When Jesus caused Lazarus to rise from the dead


The record of this miracle is found in John 11. He was very ill and his sisters Mary and Martha sent for Jesus that he might perform healing. Whatever the sickness was, Lazarus must have suffered physically. After he died, his body was wrapped in grave clothes resembling a mummy.

[Jesus and these three people had a history together. Mary anointed the feet of Jesus with very valuable oil. Then she wiped his feet with her hair.]

Their first thought was to send for Jesus. This is a good example for all of us when we face  illness or other troublesome circumstances. Turn to Jesus first, not as a desperate last resort.

Jesus delayed coming to Bethany for two days after receiving the message about Lazarus. The most important point of this circumstance is found in verse four. In another situation, Jesus and the disciples came across the man that was blind, who told the disciples the same thing he told them about Lazarus. He said, “for the glory of God, that the Son of Man might be glorified thereby.” In both situations, these two men suffered. However, the suffering, experience, and illness was for the glory of God. What a challenge this is to all of us! Are we willing to turn our suffering over to Christ so that he might be glorified? God has a method and purpose even for the things that are despicable in our lives for a long period of time.

The blind man suffered as a pauper begging for anyone to give him money because he had no means to earn a living. The friends of the Lazarus family gathered about them to show their concern. It is so important for us to realize that the things we experience can be for the glory of God if we allow it and if we see a positive spiritual truth about it.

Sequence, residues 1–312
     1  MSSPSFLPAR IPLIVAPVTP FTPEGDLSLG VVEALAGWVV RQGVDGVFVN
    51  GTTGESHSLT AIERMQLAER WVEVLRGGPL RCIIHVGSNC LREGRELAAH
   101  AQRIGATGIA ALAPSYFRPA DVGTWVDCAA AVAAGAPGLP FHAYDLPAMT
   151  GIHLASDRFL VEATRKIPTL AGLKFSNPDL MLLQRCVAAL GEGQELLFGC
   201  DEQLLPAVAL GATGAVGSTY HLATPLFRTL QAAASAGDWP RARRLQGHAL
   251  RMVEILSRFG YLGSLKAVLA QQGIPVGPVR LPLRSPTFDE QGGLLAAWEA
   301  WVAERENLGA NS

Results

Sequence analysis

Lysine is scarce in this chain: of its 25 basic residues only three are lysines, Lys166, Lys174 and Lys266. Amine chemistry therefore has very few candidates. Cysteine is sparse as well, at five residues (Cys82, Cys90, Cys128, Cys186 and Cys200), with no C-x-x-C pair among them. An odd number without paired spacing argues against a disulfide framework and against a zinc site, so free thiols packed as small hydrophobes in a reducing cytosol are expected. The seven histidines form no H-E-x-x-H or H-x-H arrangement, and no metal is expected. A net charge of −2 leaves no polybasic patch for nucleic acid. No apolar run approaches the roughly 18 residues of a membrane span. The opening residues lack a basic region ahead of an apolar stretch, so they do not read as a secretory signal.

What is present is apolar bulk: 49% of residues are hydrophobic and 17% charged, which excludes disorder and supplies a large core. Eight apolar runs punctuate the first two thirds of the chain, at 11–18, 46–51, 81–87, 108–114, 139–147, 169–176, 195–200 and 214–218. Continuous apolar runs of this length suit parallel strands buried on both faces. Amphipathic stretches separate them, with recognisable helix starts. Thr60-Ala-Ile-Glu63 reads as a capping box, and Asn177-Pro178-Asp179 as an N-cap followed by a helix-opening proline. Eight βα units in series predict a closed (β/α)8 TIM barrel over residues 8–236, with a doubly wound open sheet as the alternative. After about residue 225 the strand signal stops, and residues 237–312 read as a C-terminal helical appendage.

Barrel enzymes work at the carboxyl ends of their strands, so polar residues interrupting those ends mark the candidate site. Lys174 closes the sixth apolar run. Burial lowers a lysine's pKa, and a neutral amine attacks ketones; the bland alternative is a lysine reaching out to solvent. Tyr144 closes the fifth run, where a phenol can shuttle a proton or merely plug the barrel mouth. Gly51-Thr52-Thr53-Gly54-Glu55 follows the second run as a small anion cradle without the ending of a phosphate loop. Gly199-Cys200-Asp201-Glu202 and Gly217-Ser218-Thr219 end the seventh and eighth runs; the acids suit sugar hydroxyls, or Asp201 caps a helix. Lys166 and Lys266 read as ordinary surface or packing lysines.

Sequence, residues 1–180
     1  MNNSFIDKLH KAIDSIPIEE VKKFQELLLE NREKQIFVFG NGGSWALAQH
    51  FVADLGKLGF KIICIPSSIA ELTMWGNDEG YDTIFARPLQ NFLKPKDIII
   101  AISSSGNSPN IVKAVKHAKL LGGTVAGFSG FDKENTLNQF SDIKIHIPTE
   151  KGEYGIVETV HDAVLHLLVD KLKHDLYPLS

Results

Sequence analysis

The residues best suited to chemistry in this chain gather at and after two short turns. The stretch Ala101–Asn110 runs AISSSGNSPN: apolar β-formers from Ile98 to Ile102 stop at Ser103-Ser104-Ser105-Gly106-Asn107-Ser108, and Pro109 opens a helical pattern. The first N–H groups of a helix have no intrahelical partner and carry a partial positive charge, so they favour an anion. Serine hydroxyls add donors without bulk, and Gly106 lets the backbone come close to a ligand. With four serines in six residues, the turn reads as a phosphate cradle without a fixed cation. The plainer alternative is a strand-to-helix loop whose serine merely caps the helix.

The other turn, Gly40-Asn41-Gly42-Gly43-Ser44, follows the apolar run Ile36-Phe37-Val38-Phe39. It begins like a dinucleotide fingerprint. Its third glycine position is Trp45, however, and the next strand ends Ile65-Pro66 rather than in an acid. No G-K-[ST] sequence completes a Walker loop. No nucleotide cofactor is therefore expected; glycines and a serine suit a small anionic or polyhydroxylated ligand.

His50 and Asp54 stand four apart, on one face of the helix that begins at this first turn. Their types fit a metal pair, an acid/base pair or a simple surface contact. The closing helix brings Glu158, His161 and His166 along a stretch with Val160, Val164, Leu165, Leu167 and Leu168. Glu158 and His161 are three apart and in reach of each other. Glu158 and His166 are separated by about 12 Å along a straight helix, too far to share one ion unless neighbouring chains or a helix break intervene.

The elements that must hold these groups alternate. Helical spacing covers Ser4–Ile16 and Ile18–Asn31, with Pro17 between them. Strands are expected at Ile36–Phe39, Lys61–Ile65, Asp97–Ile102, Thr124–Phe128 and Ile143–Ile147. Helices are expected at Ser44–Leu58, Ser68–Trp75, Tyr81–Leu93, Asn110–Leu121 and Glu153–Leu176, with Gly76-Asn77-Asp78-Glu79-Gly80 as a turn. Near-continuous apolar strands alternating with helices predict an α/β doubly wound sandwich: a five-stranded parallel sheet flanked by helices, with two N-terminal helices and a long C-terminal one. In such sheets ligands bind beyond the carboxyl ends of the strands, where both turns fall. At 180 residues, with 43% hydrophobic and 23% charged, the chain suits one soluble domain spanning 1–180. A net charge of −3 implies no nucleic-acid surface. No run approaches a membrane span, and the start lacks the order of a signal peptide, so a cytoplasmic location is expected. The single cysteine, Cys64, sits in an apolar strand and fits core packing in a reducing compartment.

Jesus waited two more days before he went to the home of Lazarus knowing that he died. Here again is an object lesson for us all. The answer to our prayers may be delayed and not according to our own timetable. Still, God is in charge. What Lazarus experienced is greatly profound and much more than any of the circumstances we would find ourselves in.

The disciples knew it was dangerous to go to the home of Lazarus and after a discussion resolved themselves to go with Jesus even if something did happen. It was necessary for Jesus to enlighten the disciples about the condition of Lazarus because by that time he was dead. There are times we don’t understand what is happening in our lives; we need to be patient and wait for God to answer us.

When Jesus arrived in Bethany, the impulsive Martha ran to him complaining according to her timetable, Lazarus would not have died. How important it is for us to comfort ourselves that Jesus is in charge no matter how the situation seems. In essence, Martha rebuked Jesus. I am sure many of us are tempted to rebuke God for not answering our prayers the way we want them to have been answered.